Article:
On April 15, the U.S. Securities and Exchange Commission (SEC) announced it awarded over $50 million to joint whistleblowers who provided information that “alerted SEC staff to violations that involved highly complex transactions and would have been difficult to detect without their information.” The award is the second-largest in the history of the SEC Whistleblower Program and continues a record-setting fiscal year for the program.
The joint whistleblowers “provided exemplary assistance to the SEC staff during the investigation,” which included “meeting with staff numerous times and providing voluminous detailed documents,” the press release states. According to the SEC’s award order, the whistleblowers’ information “resulted in the return of tens of millions of dollars to harmed investors.”
“Today’s award is the second largest in the history of the program, reflecting the tremendous contribution of these joint whistleblowers to our ability to recover funds for harmed investors,” said Jane Norberg, Chief of the SEC’s Office of the Whistleblower.
Norberg, who will be stepping down from her position sometime this month, highlighted the record-setting year the SEC Office of the Whistleblower is having. “The SEC has now awarded over a quarter of a billion dollars to whistleblowers in the first seven months of this fiscal year alone, demonstrating the tremendous value of whistleblowers to our enforcement program,” Norberg said in the press release.
Since the 2021 fiscal year began on October 1, 2020, the SEC has awarded approximately $252 million to 43 individuals. The previous records for total amount awarded and number of individuals awarded were both set in the 2020 fiscal year, when the SEC awarded approximately $175 million to 39 whistleblowers.
In addition to covering the $50 million award for the joint whistleblowers, the SEC’s final order outlines an award denial for a claimant who applied for the same Covered Action. In response to a preliminary denial by the SEC, the claimant argued that they “submitted information to various federal agencies and other authorities which the Commission received” and that if the SEC investigative staff did not receive the information “it must have been lost, in violation of agency policies”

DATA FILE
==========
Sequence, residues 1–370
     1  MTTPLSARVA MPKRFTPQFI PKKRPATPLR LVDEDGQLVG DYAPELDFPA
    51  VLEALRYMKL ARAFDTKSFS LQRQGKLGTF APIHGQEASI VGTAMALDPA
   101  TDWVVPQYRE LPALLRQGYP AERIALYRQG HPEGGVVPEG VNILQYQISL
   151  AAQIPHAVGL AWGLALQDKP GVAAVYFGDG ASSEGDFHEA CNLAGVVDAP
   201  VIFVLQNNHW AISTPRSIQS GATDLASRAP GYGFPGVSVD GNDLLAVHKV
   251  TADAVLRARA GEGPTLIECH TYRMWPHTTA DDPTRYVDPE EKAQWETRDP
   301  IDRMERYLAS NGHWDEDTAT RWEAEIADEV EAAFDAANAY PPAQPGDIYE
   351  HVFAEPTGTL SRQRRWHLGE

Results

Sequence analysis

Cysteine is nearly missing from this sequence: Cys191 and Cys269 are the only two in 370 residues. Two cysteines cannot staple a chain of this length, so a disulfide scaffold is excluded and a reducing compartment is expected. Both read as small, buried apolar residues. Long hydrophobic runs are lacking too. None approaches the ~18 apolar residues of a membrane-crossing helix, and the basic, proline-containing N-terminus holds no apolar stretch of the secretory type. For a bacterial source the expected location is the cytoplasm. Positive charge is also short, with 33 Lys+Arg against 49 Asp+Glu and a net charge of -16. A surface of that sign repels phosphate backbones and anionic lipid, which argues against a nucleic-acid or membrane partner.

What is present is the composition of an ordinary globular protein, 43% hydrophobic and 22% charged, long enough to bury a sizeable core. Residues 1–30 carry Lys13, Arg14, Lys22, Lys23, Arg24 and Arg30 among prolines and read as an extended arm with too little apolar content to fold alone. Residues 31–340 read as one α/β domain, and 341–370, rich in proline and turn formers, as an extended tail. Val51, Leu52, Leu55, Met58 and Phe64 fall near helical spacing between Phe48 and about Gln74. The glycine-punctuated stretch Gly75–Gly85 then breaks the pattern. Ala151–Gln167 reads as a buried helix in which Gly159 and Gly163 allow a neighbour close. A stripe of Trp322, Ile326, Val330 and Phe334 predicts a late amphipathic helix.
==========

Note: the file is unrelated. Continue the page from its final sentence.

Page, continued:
The agency upheld its denial, however, and outlined several reasons for doing so. According to the final order, SEC “Enforcement staff opened the Covered Action investigation based on the information provided by [the awarded whistleblowers], and not [the denied claimant].” Furthermore, SEC “Enforcement staff responsible for the Covered Action investigation confirmed that they did not receive or otherwise learn of any information that [the denied claimant] may have provided to other federal agencies or authorities. This reasoning highlights that under 2020 rule amendments, whistleblowers must make disclosures directly to the SEC through a formal TCR filing in order to be eligible for awards. A whistleblower cannot assume that disclosures made informally to the SEC or formally to other agencies will qualify them for awards.
The SEC issued its first award in 2012 and since then, it has awarded approximately $812 million to 151 individuals. Through the SEC Whistleblower Program, qualified whistleblowers, individuals who voluntarily provide the SEC with original information that leads to a successful enforcement action, are entitled to a monetary award of 10-30% of funds recovered by the government. The SEC pays awards through a fund entirely financed through monetary sanctions paid to the SEC by securities law violators.
The success of the SEC Whistleblower Program is poised to continue moving forward. Former Commodities Futures Trading Commission Chairman Gary Gensler was confirmed to serve as the Chair of the SEC on April 14. Before his confirmation, Gensler responded to a series of questions filed by Senator Chuck Grassley (R-IA) about the SEC’s whistleblower program. In his written responses, Gensler committed to strongly supporting whistleblowers who file cases under the Dodd-Frank Act’s whistleblower reward law.
“If confirmed to lead the SEC, I will build on the work of past Chairs to ensure continued strength in the whistleblower program,” Gensler answered. Additionally, he “committed to working with SEC Commissioners and staff, whistleblower advocates, and Congress to ‘reduce processing times in SEC whistleblower award determinations,’” according to previous WNN reporting. The new Chair of the SEC seems intent on strengthening the already impressive SEC whistleblower program, something that whistleblowers and whistleblower advocates can look forward to.